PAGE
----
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A Matter of Conscience
Still an unannounced candidate, Lincoln viewed this address before Eastern leadership as a crucial moment for ...
The Plight of the Working Class
A vitally important document and the best account of the working class under the new industrialism.
A Streetcar Named Pleiku
The 1965 attack on the U.S. base at Pleiku in South Vietnam was a turning point: ...
Trauma for Everyone
How PTSD became a popular psychological disorder--a story of a questionable diagnosis and of medicine gone ...
Dress British, Think Yiddish
How the Ivy League style at Yale—purveyed by Jewish clothiers—faded while the university changed its ideas ...
And We Shall Overcome
The important background and text of President Lyndon Johnson's 1965 Voting Rights speech to Congress.
Selections From: Narrative of the Life of Frederick Douglass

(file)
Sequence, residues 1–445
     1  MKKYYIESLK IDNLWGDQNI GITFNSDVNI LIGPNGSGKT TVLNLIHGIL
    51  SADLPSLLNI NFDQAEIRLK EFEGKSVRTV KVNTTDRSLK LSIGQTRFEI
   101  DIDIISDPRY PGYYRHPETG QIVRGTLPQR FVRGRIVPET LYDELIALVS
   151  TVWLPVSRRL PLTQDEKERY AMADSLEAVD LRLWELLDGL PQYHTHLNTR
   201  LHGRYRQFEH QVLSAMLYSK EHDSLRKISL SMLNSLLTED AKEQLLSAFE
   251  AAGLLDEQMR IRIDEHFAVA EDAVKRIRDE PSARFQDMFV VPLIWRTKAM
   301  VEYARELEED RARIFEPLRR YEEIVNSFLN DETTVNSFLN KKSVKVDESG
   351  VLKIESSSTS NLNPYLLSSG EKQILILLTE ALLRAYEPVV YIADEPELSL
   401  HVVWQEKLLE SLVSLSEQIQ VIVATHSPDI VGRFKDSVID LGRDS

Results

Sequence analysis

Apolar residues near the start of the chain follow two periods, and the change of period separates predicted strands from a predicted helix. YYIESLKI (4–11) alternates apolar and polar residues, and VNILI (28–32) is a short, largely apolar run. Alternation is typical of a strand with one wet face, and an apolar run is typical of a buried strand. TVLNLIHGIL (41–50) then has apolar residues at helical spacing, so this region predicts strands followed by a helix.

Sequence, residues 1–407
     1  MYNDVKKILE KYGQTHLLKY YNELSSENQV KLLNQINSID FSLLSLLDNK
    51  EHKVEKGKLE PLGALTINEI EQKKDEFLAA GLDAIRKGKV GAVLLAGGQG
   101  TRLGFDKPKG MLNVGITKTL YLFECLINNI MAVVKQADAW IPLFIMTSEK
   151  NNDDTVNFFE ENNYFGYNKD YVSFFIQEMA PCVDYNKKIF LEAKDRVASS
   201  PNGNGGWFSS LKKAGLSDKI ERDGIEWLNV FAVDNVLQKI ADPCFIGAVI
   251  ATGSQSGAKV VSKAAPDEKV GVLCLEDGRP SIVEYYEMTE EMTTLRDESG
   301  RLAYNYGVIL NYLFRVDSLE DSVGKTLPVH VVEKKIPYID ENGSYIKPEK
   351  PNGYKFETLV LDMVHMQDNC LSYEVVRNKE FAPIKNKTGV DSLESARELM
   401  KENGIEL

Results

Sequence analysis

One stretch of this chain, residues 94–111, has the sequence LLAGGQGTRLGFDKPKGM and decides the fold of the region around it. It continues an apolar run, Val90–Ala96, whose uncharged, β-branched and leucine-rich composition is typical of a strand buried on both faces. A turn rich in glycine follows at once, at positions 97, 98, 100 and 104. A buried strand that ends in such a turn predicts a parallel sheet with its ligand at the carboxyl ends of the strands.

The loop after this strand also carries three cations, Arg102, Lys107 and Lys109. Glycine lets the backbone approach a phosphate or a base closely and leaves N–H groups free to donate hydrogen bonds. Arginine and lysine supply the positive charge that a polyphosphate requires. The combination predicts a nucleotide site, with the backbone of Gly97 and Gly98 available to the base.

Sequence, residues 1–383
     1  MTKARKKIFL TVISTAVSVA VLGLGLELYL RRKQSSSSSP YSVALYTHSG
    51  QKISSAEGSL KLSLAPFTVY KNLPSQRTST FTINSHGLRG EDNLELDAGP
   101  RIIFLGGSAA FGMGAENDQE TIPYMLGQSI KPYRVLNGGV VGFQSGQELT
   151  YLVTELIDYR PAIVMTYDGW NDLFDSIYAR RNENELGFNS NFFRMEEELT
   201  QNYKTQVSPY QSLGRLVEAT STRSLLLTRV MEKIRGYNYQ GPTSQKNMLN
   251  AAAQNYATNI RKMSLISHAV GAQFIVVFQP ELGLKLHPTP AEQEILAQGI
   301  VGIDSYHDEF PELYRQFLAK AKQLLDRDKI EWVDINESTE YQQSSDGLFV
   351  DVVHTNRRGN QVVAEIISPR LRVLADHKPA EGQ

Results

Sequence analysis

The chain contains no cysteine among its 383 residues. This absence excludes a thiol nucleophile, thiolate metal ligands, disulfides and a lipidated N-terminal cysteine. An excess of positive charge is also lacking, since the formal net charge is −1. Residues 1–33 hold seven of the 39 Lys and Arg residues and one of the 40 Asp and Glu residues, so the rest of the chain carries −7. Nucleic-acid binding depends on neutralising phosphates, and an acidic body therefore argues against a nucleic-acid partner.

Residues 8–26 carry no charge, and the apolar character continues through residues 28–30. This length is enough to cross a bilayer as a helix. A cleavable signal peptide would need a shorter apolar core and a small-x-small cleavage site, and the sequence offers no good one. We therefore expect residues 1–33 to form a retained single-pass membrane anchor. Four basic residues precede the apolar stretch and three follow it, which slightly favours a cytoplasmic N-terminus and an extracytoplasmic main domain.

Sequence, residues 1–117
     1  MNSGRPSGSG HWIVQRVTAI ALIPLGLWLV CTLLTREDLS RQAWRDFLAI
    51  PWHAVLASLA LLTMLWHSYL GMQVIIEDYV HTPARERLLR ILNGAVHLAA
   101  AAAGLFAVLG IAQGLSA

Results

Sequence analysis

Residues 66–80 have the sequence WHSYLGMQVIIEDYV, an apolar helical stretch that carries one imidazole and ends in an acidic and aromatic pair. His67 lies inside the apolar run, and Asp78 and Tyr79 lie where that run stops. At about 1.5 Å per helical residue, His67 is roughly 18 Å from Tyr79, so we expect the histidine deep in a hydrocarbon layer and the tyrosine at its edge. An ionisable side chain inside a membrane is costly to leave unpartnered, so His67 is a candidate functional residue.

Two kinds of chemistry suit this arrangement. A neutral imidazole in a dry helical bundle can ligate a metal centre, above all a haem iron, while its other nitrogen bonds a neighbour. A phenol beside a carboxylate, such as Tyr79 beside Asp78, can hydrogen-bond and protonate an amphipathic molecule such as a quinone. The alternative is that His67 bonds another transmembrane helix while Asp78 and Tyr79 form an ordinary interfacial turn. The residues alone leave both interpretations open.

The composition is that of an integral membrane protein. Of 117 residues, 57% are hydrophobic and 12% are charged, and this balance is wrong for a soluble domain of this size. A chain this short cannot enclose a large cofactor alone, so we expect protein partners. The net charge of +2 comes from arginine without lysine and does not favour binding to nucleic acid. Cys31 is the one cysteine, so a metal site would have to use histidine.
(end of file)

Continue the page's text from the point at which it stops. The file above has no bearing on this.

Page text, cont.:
This story of a slave and his yearning to be free is one of the great ...
Why American Newspapers Gave Away the Future
An insider’s assessment of the precipitous decline of large city ...
Terror and Torture in French Algeria
The French colonial empire began to fall apart after World War II, first in Madagascar and then in Vietnam and Cameroon. In 1954 nationalist forces in Algeria began an effort toward independence that lasted until 1962 and grew into a brutal struggle that ripped apart French society—in much the same way that the war in Vietnam would later split the United States. Algeria’s proximity to Europe, its political integration into France, and its large population of French settlers made it a unique possession. As France sought to hold on to its colony, both sides escalated the nature of the conflict to a point where it became a shameful betrayal of historic French values. Lisa Lieberman tells the story of this “dirty war” and in particular its impact on French intellectuals and political and military leaders. Coming so soon after the Nazi atrocities of World War II and the heroism of the French Resistance, the war in Algeria became a blot on the conscience of the French republic.
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